lawsuit against IMG academy

IMG Academy´s Doctor and Nurse Sued in Death of Adolescent

By Daniel Hawn

Published on February 15, 2006

The estate of Christian Chalita filed the lawsuit against Dr. Joseph Soler and Nurse Carol Yarosz Tomlinson who work out of Bradenton, Florida. for IMG Academies. According to the suit, Chalita passed out while exercising on a treadmill at IMG academy, a private school for aspiring professional athletes, in October 2004.

Chalita was taken to a hospital, where he was pronounced dead.

The lawsuit filed Friday accuses Soler and Yarosz Tomlinson of failing to perform a comprehensive physical examination of Chalita. It further accuses the two of failing to oversee Chalita's workout regimen and failing to identify his heart condition, in spite of having been informed that Chalita's father died when he was 32 years old of possible heart trouble, the suit states.

Tests that were conducted on Chalita after his death revealed that he had an irregularly shaped heart.

Chalita had been enrolled at IMG academy since fall 2002. The month prior to his death, he successfully completed a physical examination.

Chalita's mother earlier filed a lawsuit against IMG academy, accusing its staff of failing to adequately monitor her son's activities at the time of his death.


A 16-year-old boy died at an internationally-known athletic training facility because officials there failed to ensure he was physically fit enough to endure its rigorous programs, and a doctor closely affiliated with the center failed to properly evaluate the teen and diagnose his heart condition, according to a lawsuit.

IMG Academies, a $2 billion dollar, world famous athletic training and education enterprise in Bradenton, Florida, is facing a wrongful death lawsuit after Christian Chalita collapsed on a treadmill and died in 2004.

In Florida, before a child is allowed to participate in an athletic program, they must first be examined to make sure they are physically able to endure the activity.

IMG Academies, which heavily recruits international student-athletes, has a responsibility to make sure the young athletes are fit to participate in its strenuous programs. Officials also are tasked with keeping the students, many of whom leave their families, to come and train at IMG.

But in 2004, IMG’s negligence led to the death of the young, rising basketball star.

Christian Chalita, who was born in Florida but raised by his mother in Mexico, desperately wanted to become a professional basketball player. Officials at IMG assured Christian’s family in Mexico that they would take good care of her son. The school’s handbook boasted of an on-campus, sophisticated medical facility staffed with competent personnel. Christian’s health would be monitored, but, more importantly, his participation in IMG’s basketball training program would mold him into a stellar athlete – one that would play on the college level, and likely, even professional.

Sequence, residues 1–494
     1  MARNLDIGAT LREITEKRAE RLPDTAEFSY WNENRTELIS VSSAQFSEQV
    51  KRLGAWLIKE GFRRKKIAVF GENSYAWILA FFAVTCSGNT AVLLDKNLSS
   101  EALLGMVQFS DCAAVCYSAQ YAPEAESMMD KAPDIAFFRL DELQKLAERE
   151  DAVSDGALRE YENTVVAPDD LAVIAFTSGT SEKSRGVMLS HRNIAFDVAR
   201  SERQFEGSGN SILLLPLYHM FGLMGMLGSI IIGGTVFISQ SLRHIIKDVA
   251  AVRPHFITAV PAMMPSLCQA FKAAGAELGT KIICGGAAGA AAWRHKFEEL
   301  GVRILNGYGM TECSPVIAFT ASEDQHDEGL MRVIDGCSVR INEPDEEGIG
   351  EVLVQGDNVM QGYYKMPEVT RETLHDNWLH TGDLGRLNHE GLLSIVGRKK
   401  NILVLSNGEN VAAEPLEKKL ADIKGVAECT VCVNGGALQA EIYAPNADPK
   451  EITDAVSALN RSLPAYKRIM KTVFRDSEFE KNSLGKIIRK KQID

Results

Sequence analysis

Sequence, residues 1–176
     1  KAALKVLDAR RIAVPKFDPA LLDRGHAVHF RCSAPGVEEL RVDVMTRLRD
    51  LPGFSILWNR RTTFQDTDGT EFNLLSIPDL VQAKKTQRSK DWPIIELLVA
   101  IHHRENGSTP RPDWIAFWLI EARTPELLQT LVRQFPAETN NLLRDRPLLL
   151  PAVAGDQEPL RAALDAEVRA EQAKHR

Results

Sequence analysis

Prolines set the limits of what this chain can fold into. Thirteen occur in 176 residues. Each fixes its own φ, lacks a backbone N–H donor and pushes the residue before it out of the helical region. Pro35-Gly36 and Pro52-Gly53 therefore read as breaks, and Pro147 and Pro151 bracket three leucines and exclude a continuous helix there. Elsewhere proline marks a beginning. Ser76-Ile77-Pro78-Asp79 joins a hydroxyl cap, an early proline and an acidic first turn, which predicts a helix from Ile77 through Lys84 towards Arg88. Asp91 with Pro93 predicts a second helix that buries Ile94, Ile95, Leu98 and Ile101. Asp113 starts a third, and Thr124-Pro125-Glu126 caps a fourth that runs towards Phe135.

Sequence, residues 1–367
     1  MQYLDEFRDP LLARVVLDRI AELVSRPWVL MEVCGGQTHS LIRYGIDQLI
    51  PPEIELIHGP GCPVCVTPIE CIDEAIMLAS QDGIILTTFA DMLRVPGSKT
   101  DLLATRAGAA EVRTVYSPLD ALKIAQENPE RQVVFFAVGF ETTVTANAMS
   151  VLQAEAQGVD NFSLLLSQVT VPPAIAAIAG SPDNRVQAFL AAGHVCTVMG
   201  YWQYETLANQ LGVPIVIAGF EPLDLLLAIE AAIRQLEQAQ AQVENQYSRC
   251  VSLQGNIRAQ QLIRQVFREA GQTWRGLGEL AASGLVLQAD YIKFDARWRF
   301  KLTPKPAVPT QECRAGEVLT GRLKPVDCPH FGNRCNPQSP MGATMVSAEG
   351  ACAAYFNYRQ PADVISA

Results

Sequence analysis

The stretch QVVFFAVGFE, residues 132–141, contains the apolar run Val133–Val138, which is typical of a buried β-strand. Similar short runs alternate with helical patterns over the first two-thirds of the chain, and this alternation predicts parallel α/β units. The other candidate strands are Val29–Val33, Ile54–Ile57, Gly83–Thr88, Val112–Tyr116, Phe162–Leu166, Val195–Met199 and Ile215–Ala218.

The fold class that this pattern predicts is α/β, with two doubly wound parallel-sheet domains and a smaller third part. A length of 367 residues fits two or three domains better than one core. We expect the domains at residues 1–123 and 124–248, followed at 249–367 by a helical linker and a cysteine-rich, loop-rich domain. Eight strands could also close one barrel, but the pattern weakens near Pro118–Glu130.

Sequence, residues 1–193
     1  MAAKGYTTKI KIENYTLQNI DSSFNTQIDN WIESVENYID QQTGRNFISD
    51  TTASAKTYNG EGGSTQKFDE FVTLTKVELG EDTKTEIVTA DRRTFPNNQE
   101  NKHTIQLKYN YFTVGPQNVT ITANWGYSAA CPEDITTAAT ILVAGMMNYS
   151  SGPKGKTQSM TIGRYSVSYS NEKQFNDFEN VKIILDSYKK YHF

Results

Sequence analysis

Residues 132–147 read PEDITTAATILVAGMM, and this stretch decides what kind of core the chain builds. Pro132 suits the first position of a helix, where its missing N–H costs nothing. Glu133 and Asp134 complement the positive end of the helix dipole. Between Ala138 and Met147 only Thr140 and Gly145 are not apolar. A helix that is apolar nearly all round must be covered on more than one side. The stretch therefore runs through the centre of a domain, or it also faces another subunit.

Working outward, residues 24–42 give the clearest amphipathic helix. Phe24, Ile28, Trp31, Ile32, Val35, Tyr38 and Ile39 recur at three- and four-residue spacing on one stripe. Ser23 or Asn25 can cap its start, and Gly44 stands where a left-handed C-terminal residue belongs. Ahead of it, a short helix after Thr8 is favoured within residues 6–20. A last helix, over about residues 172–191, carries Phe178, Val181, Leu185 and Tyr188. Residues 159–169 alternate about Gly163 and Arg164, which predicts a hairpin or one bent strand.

Once at IMG, Christian had to complete a medical history form. He was sure to indicate that his biological father had an undiagnosed heart condition and died in his 30’s from a heart attack.

IMG officials shirked a simple responsibility: Review medical history forms to make sure nothing required follow-up, that there was nothing the coaches and trainers should be aware of with each student. Instead, they filed the sheet away in a drawer, sight unseen.

And Christian continued his education and training at IMG for the next two years. He lived with a Bradenton family, attended school at IMG and trained there.

Because Christian’s mother still was in Mexico, the doctor who performed his physical for Christian’s second year at IMG had to sign the parent/guardian line of the form permitting him to participate in the program. That doctor, Joseph Soler, gave Christian the all clear, even though there was some controversy over the medical history form.

Barry Maron, a nationally recognized cardiac specialist, said Christian’s family history should have been a red flag. The doctor should have followed up with a simple and relatively short test: an echocardiogram. That would have shown that Christian shared his father’s heart condition and should not have been participating in such a rigorous physical program.

In September of 2004, Carol Yarosz Tomlinson, a nurse at a walk-in clinic, gave Christian a physical examination and cleared him to participate in his third year at IMG, even though she, too, knew about his father’s death. That October, Christian collapsed on a treadmill. He was found on the floor, bloodied with a laceration and hematoma to the head.

Coaches and staff in the training room had no idea Christian had a heart condition that caused his collapse. They told a 911 dispatcher they thought he was having a seizure. Had school officials bothered to look at Christian’s forms when he enrolled, they could have made the coaches aware, and therefore better equipped in case something happened.
As it was, the school’s only defibrillator was across campus in the nurse’s office. No help to Christian.

IMG claims to groom students to be college and professional-level athletes. Their 12,000 yearly student/athletes come from over 80 countries, and travel far from their homes and families on the promise that they will someday rise to athletic greatness. IMG charges great sums of money for their training program—as high as $70,000 per year. Knowing their program is rigorous, regimented and more strenuous than the average high school training level, IMG officials have a greater responsibility to track and monitor their students’ health. Families pay expensive tuition with the expectation that their children will be well supervised and cared for.

Had IMG officials, Dr. Soler and Nurse Tomlinson simply fulfilled the basic responsibilities of their positions, Christian Chalita would be alive today.